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Date:11/26/2014 6:10:07 PM
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Ô¯ Interim Birdie Baseball Commissioner K Here …
Here, briefly, is an explanation of how it is that a game of Birdie Baseball is played.

Each player is asked to submit a series of 15 numbers from 1 thru 12 at the beginning of the season. These are then recorded on the team’s batting line-up (a predetermined order based on how each coach submits the required form for the team) in the order in which you have given them to your Coach.

Next, there are 12 “probablilites” for plays: A Walk, 2-Singles, a Double, a Triple, a Home Run, 2-Strike Outs, 2-Fly Outs, and 2-Ground Outs. (These are the invention of the gracious lady who designed the method for playing Birdie Baseball, Norman’s mom; the 1st Birdie Baseball Umpire.) It is these 12 probabilities that are determined by the “roll of the dice”. For the most part, the Umpires use a computer generated random dice roller to obtain the values assigned to each probability. These values are determined newly for each game, ONLY ONCE for each game, AT THE BEGINNING of the game.

The batting lineup for any one game is limited to 10 players. Any reserves on a team play throughout the season as well by rotating the lineup beginning with the next player in the lineup after batter number 10 from the previous game. And this rotation continues throughout the season in the same manner with each Umpire using their own rotation How many games they have played for any given team is why you see different Umpires using different lineups at different times.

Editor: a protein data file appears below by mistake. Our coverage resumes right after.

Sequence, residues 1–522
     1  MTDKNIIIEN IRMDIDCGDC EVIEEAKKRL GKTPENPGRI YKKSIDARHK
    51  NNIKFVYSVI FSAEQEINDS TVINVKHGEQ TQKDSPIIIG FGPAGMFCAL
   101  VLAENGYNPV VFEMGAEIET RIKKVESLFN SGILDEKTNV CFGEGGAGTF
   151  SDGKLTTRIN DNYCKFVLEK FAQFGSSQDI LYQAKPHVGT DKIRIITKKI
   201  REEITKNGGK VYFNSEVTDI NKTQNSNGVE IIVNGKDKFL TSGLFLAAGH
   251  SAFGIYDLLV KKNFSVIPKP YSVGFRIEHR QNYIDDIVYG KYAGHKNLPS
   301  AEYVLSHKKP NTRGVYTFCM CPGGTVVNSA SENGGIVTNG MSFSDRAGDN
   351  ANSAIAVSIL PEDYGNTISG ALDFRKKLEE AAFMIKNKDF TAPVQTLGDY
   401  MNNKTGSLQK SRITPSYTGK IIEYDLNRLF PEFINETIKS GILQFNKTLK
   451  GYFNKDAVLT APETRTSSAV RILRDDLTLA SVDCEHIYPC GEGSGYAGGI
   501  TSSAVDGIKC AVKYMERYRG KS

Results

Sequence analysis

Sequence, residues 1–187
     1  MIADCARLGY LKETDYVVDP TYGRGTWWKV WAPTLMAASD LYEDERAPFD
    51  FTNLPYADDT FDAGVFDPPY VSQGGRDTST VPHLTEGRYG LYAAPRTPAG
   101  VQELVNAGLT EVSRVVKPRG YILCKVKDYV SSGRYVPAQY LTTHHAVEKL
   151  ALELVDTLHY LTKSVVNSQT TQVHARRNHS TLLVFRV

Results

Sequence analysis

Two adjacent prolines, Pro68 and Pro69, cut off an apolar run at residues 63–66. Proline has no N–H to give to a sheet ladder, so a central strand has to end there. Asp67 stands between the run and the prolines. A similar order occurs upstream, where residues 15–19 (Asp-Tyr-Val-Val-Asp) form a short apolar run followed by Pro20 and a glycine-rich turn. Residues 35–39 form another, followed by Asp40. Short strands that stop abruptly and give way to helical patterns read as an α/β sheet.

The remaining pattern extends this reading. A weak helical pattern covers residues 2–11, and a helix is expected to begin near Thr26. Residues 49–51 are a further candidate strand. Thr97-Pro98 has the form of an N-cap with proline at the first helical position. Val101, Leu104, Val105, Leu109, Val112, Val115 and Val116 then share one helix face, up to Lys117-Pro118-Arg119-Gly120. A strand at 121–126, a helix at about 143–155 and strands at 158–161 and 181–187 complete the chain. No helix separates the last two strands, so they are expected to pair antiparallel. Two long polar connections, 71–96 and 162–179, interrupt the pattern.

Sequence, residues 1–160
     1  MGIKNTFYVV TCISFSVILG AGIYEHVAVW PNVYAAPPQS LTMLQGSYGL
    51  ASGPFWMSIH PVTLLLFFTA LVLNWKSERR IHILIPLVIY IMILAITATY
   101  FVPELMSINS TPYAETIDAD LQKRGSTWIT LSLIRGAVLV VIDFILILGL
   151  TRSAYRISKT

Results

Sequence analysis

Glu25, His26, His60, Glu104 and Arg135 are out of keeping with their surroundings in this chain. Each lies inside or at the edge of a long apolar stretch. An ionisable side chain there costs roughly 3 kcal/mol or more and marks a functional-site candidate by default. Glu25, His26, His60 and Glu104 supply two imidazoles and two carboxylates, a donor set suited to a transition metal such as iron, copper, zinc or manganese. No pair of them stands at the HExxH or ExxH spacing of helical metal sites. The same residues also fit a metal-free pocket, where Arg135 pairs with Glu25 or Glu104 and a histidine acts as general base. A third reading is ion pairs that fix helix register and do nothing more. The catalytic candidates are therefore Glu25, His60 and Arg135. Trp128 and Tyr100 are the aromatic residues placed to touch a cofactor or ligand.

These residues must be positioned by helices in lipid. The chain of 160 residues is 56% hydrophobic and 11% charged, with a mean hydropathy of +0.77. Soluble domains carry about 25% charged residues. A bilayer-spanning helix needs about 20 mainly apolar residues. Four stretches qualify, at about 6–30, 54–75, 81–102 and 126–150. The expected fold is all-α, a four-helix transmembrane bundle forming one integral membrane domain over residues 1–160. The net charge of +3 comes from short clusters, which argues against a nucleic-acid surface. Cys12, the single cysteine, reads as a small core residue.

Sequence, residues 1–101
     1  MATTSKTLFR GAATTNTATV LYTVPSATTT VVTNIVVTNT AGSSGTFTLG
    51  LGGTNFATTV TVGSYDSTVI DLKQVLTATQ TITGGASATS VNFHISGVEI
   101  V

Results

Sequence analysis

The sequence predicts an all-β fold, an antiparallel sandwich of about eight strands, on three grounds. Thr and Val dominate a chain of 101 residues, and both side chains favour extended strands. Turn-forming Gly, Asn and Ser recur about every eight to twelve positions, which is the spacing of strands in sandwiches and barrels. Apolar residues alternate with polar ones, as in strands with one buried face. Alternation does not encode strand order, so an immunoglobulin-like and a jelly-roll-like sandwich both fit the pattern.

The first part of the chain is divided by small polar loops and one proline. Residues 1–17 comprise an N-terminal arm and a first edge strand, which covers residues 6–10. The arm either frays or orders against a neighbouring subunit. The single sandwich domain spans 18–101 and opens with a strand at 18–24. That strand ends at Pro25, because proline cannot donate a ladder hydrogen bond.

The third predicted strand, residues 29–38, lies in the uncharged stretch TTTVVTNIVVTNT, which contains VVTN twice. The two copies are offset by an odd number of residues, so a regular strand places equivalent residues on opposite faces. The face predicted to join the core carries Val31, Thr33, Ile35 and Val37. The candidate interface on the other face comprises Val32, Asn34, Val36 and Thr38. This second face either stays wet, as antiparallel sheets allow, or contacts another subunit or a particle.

Beginning with batter number 1, the first number in his/her sequence is matched to the probability value of a play FOR THAT GAME and that determines the play he/she makes. The first number in the sequence for batter number 2 is then matched to its probability value, and so on and so on. The player’s sequence of numbers is not started over for each game, but continued from where it was left off from the previous game in which he/she played. (For instance, in a game recently played, the first number to come up for batter number 1 since she last played in a game was 11, and so her play was a Double according to the probability values “rolled” for Saturday’s game. Then next batter’s sequential number was 9, which was a Single according to the probability values.)
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